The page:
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Supply chain drivers
Supply chain drivers
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Supply chain drivers & metrics



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Supply chain drivers & metrics

  1. 1. Supply Chain Drivers & Metrics
  2. 2. Drivers of Supply Chain The major drivers of Supply chain performance consists of three logistical drivers & three cross-functional drivers. Logistical drivers: • Facilities • Inventory • Transportation Cross-functional drivers: • Information • Sourcing • Pricing Company’s supply chain achieve the balance between responsiveness & efficiency that best meets the needs of the company competitive strategy.
  3. 3. Drivers of Supply Chain Performance Efficiency Responsiveness Supply chain structure Inventory Transportation Facilities Information Drivers Sourcing Pricing
  4. 4. FACILITY Facility are the actual physical locations in the supply chain network where product are stored, assembled or fabricated. The two major types of facilities are : • Production sites(factories) • Storage sites(warehouses) Factories can be built to accommodate one of two approaches to manufacturing: 1. Product Focus: A factory that takes a product focus performs the range of different operations required to make a given product line from fabrication of different product parts to assembly of these parts. 2. Functional focus: A functional focus approach concentrates on performing just a few operations such as only making a select group of parts or doing only assembly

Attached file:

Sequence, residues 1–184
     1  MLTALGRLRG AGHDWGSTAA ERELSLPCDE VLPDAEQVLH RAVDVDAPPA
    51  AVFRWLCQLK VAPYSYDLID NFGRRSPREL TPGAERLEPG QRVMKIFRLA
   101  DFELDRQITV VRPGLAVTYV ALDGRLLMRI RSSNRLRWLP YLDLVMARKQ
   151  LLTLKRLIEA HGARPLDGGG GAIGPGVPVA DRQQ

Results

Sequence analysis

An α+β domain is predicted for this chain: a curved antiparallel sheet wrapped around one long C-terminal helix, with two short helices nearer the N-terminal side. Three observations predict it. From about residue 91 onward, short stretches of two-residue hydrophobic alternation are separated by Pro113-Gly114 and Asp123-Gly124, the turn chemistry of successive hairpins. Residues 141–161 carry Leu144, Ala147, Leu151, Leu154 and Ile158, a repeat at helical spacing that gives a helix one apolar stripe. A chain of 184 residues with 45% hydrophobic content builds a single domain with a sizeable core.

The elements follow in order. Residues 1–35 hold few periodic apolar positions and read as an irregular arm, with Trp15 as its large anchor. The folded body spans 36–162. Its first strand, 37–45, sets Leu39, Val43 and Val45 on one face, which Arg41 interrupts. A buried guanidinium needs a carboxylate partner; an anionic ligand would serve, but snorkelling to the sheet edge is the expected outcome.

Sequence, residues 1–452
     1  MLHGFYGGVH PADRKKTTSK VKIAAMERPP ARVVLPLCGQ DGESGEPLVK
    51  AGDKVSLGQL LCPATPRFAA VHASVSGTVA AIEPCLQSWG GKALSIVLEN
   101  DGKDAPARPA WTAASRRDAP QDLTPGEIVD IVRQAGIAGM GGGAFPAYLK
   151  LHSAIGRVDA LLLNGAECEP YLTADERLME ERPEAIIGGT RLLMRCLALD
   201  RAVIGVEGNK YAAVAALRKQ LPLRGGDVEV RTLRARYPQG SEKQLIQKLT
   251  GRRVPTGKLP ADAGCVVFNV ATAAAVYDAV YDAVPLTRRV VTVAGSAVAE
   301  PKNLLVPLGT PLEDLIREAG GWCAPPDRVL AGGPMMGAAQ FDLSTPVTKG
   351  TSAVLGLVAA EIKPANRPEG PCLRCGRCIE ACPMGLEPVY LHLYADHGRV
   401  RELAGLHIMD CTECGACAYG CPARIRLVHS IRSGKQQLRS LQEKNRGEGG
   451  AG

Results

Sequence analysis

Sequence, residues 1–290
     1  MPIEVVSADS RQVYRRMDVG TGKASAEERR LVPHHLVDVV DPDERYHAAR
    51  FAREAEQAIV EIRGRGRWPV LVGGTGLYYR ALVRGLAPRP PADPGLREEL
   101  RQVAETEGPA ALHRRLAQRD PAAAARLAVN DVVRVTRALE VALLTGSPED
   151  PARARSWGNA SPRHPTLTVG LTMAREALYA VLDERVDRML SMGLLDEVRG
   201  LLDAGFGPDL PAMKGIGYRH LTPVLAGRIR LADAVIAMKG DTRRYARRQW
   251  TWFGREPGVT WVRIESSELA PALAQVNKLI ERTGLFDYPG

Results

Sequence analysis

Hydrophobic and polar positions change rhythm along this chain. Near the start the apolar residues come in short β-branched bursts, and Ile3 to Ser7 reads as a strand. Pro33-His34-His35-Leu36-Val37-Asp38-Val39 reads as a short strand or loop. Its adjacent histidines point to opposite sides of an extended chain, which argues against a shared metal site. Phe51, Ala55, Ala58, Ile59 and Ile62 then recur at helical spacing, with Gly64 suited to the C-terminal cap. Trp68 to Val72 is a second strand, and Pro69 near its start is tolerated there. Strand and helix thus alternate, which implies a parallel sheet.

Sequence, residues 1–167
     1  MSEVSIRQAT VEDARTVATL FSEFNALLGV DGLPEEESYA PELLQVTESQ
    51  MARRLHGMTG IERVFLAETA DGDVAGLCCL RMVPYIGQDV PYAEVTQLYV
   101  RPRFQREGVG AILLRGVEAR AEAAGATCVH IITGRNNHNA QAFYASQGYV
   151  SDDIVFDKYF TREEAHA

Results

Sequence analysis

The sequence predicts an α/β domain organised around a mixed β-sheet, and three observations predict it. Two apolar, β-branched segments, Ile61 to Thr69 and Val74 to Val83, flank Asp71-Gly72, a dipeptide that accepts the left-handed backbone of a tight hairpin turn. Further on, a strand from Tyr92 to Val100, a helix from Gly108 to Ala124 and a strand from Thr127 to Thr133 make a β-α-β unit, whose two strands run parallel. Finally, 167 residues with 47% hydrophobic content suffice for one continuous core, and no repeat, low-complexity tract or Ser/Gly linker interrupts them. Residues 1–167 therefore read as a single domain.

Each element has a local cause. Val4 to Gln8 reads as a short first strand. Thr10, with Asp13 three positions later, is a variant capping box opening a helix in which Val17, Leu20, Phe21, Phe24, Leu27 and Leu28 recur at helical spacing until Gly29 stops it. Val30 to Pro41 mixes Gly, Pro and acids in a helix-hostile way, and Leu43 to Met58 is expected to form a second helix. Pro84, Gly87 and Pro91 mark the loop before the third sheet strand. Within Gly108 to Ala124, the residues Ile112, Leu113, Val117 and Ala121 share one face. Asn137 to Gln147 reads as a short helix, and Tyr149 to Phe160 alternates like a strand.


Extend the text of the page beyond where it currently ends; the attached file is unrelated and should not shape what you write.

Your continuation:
5. 5. Contd…. Warehousing: There are three main approaches to use in warehousing: 1. Stock keeping unit(SKU) storage: In this approach all of a given type of product is stored together. 2. Job lot storage: In this approach all the different products related to the needs of a certain type of customer or related to the needs of a particular job are stored together. 3. Crossdocking: In this approach, product is not actually warehoused in the facility, instead the facility is used to house a process where trucks from suppliers arrive and unload large quantities of different products. These large lots are then broken down into smaller lots. Smaller lots of different products are recombined according to the needs of the day and quickly loaded onto outbound trucks that deliver the product to their final destination. So the fundamental trade-off that managers face when making facilities decision between the cost of the number, location & type of facilities(efficiency) & the level of responsiveness that these facilities provide the company’s customer.